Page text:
If you love the book, you might be disappointed at some of the omissions (there’s no walk-through the film War Games [1983], for example), but there are some delightful additions that make the film a companion piece to the book.  They are sufficiently different that they complement each other, I don’t feel the one is better or worse than the other.  I will note that some of the things that have been added to the show-down will make the film very popular in Japan!  It's much less cerebral than the book but, then, it needs to be.  Typing code can be made exciting - Mr. Robot has managed it - but that isn't what this film is doing, it's doing spectacle - and, nowadays, that's not done on a human scale, that's cast numbers of large things whacking each other.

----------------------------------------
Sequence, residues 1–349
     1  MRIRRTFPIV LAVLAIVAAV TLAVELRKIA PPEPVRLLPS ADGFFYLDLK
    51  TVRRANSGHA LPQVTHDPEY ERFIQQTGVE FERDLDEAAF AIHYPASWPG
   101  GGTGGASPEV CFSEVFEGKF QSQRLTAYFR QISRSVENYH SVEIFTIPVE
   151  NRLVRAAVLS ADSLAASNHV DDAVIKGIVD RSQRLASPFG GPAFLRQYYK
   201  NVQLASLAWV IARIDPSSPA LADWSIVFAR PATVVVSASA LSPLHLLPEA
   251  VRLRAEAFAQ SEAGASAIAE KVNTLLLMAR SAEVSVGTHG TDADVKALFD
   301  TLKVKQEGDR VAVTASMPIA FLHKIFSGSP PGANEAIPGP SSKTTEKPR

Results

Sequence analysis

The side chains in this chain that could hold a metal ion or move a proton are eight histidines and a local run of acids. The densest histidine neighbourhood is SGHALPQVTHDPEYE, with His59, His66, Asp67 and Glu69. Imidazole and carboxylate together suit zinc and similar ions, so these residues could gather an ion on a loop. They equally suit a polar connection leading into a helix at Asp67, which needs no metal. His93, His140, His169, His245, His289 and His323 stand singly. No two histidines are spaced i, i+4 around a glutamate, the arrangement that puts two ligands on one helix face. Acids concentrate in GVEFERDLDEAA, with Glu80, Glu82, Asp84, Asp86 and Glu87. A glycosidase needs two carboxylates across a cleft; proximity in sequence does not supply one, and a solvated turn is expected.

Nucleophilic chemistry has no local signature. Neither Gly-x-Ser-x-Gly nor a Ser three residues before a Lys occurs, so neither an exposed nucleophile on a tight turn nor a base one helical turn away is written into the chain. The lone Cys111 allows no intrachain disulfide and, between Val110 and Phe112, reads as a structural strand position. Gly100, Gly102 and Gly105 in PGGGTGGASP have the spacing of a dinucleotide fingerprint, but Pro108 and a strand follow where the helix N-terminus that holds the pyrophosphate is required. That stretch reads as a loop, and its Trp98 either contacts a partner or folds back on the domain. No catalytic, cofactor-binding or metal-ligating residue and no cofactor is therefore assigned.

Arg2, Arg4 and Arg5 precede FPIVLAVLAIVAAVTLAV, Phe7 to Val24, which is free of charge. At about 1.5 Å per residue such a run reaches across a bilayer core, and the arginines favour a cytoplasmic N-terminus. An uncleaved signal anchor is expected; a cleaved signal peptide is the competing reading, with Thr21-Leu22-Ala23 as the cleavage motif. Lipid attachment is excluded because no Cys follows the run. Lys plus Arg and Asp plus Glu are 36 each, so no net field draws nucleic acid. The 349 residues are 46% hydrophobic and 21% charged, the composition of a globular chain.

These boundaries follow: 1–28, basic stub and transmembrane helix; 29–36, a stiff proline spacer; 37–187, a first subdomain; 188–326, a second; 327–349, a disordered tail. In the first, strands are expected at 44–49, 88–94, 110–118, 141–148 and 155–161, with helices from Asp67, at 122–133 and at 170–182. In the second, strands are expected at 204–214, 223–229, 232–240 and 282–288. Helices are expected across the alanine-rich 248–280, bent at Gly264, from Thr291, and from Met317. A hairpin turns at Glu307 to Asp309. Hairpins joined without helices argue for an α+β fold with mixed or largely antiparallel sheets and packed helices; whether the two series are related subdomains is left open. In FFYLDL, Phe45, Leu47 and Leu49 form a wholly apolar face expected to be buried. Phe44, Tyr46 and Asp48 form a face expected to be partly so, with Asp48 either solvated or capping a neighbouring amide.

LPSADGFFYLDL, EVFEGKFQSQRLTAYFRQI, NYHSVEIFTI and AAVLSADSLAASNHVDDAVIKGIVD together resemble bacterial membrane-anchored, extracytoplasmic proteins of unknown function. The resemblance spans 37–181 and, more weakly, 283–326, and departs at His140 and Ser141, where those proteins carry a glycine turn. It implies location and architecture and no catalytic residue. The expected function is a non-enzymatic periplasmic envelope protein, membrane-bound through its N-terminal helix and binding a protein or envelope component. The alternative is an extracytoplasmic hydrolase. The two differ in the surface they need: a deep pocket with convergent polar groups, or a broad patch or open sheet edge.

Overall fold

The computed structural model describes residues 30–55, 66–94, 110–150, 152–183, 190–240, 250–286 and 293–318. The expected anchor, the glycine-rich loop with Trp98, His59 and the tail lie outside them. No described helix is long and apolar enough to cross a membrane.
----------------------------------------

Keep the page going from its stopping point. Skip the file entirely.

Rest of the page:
This is a joyride of a movie.  Two and a quarter hours flew past.  There were laugh out-loud moments, mouth open in awe moments and an overwhelming feel good sense that a lot of spectacle films lack.  Ben Mendelson isn’t actually scary as Sorrento - his virtual henchman i-Rok (TJ Miller) and real-life henchwoman F'Nale ( Hannah John-Kamen) both come across as more convincing antagonists - so you never really feel that anyone is in danger (after all, you can always respawn if you die), but these were only concerns that dawned on me as I was emerging back into what passes for the real world.
            For me, this is the most all-round satisfying film Spielberg has stuck his name to the front of, since Minority Report.  I’m definitely going to see it again and - in an uncharacteristic move - I think I may even recommend you to go see it in 3D.  If ever there was film that had earned the extra dimension ...
Where the book valued research and dedication, the film celebrates game-play skills.  But that's in-keeping with the needs of the different medium.  And the few scenes where Parzival and Art3mis do ask Jeeves, are very entertaining.  That's how you dump exposition, guys!